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Canadian study calls for increased Fed investment

Posted on September 16, 2008

Transit leaders from across Canada this week called on federal party leaders to pledge increased funding for transit during the current federal election campaign.

The call was supported by the release of an economic study by HDR Decision Economics Inc. that analyzed the optimal supply and demand for urban transit in Canada.

The study conducted had several important conclusions, including:

• The economically and socially optimal level of transit supply in 2006 would have required an estimated 1.7 billion vehicle-kilometers of transit service, or 74 percent more service than actually supplied.

• In 2006, capital investment of $78.1 billion would have been required to bring the supply of transit into line with the optimal conditions of supply in that year.

• Results of the analysis conclude that Canada is clearly underinvested in urban transit.

• Bringing transit to the optimal level of supply would produce several positive economic and social benefits – more than two-thirds of these benefits are constituted by the economic value of reduced roadway congestion.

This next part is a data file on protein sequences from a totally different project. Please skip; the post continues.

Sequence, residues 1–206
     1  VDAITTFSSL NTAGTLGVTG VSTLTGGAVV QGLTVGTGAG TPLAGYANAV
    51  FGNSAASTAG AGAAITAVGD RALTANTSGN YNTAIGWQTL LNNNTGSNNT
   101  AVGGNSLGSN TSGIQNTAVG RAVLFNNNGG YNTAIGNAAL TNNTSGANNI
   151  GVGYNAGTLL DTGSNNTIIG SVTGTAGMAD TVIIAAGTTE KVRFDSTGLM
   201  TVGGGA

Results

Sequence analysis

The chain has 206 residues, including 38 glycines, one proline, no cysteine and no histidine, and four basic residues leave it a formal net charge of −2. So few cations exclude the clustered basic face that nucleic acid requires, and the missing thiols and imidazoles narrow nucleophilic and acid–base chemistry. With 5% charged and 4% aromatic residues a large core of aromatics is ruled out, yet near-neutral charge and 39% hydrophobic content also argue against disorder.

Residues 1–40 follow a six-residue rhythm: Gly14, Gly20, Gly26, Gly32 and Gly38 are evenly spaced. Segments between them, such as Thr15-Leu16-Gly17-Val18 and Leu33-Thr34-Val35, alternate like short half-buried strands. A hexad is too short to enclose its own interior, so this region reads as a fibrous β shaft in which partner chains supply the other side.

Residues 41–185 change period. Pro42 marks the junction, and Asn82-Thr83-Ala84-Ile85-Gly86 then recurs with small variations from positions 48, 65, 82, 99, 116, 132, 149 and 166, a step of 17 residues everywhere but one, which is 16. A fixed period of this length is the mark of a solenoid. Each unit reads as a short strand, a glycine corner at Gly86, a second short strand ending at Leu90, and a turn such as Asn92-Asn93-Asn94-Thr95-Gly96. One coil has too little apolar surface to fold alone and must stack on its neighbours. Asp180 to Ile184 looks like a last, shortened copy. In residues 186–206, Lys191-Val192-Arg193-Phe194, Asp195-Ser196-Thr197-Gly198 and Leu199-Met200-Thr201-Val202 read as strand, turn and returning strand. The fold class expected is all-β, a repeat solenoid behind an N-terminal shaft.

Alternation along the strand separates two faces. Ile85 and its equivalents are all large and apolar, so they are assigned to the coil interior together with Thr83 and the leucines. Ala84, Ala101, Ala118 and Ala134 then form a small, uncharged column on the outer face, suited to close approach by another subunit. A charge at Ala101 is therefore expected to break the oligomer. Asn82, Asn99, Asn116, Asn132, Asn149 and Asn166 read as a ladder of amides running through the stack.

HDR's economic study release comes on the heels of a public opinion poll, conducted by The Strategic Counsel, which was released two weeks ago by the Federation of Canadian Municipalities and Canadian Urban Transit Association (CUTA). The major findings from the nationwide poll of urban Canadians demonstrated that 40 percent of respondents believe rising gas prices have already or will push them to consider using public transit.

“Transit providers welcome new riders, but without new funding, this kind of increased demand would overwhelm transit systems, many of which are already at or beyond capacity during peak hours,” explained Steve New, CUTA chair.

Over the next five years, CUTA is expecting that Canada's transit systems will require $40 billion to meet demands and expand public transportation.

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